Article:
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Cano's hitless skid sets new postseason mark

Cano's hitless skid sets new postseason mark

Cano's hitless skid sets new postseason mark
NEW YORK -- Robinson Cano stands alone as the only player in Major League history to go hitless as long as he has -- 26 consecutive at-bats -- in a single postseason, but he stood at his locker after Sunday's 3-0 loss to the Tigers in Game 2 of the American League Championship Series and insisted that he remains positive, and his swings were good.

Cano points to misfortune on hard-hit balls: What might have been an RBI single up the middle with the bases loaded in Saturday's Game 1 bounced off starter Doug Fister's right wrist, caroming to a charging Jhonny Peralta at shortstop.

"There's nothing you can do," Cano said.

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ALCS

Cano points to missed calls: Replays showed he beat Peralta's throw to first on that ball up the middle, but first-base umpire Rob Drake called Cano out.

"I was safe," Cano said.

And Cano points to an expanding strike zone: Drake frustrated him again, this time from behind home plate for Game 2, with two called strikes in an eighth-inning at-bat.

"That was on the white [chalk] lines," Cano said. "Now you have to chase whatever [reliever Phil Coke] throws after."

That was an 0-2 curveball that Cano hit softly to Tigers first baseman Prince Fielder for an easy out, capping an 0-for-4 day, which followed two other 0-for-4 showings and two 0-for-6 outings spanning the AL Division Series against the Orioles and the ALCS.

Cano is 2-for-32 this postseason with one run scored and four RBIs, all coming in the ALDS.

"It is odd," said manager Joe Girardi. "You know this is a really, really good hitter that is struggling right now, and he's not getting a lot of pitches to hit."

Derek Jeter's season-ending fractured left ankle on Saturday night forced the Yankees to shuffle their lineup on Sunday. Cano hit out of the two-hole in Game 2 after batting third or fourth in New York's first six postseason games. He entered the playoffs on one of the hottest stretches of his career, having recorded nine consecutive multihit games.

Cano had a 23-game hitting streak that ran from late June into July, but his work in late September and the first three days of October was just as impressive.

In the regular season's final nine games, Cano went 24-for-39 with 11 runs scored, 14 RBIs, seven doubles and three home runs. He doubled in each of the first two playoff games and drove in three runs, but he then went cold.

"You just have to keep swinging," Cano said. "You keep playing the game, and that's the only way you can turn it around."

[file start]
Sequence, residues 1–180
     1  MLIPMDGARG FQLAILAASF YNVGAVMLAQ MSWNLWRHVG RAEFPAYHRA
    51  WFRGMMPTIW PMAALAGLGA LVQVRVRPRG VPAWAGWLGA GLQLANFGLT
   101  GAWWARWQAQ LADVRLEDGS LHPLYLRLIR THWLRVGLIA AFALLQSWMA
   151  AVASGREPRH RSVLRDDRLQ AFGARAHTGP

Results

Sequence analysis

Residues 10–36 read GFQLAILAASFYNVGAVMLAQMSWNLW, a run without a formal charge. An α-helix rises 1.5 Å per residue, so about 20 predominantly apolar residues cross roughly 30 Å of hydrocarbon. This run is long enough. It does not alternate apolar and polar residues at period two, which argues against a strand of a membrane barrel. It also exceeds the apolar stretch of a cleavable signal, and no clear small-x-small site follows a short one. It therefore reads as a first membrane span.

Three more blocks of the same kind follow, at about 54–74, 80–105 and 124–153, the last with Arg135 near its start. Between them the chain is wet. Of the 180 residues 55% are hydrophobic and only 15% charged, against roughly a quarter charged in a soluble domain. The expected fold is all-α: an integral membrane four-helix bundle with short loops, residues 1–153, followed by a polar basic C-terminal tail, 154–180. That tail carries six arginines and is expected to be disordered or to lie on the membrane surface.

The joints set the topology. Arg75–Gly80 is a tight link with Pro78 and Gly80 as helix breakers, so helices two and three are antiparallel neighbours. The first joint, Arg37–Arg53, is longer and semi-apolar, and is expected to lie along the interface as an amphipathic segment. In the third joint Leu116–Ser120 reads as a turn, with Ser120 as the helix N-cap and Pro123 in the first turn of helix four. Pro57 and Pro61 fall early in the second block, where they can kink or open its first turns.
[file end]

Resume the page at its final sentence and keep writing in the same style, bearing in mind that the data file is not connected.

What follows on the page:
Cano dismissed the notion that he was pressing, pointing to the high-pressure finish to the regular season, when the Yankees clinched the AL East on the final day thanks in part to his 4-for-4 effort, featuring two homers and six RBIs.

Cano's career numbers in the postseason support that, as he entered this year with a .258 average, 10 doubles, three triples and eight home runs in the playoffs.

And Cano did not rush his throw on a potential inning-ending double-play ball in the seventh inning of Game 2 that allowed Detroit to score its first run.

"That's the same way I would always turn a double play," Cano said. "I didn't get a grip on the ball."

Cano questioned whether his throw would have even beaten Delmon Young to first base, and Girardi agreed. The manager, whom Cano called one of the best in the Majors for his unwavering support, stood behind his second baseman for his defense, hitting and hustle.

Cano trotted toward an out at first base in the sixth inning after a weak swinging bunt made a tough play for pitcher Anibal Sanchez to field.

But Cano said he had "no chance" to beat the throw even if he had sprinted down the line, and Girardi expressed no concern, even with his slugger in a historic slump.

"Robby plays fine for me," Girardi said. "I am sure he is frustrated, and I understand that. You work really hard to get to this point, and you want to be a part of the winning and contributing, and it is frustrating when you don't."

Steven Miller is an associate reporter for MLB.com. This story was not subject to the approval of Major League Baseball or its clubs.

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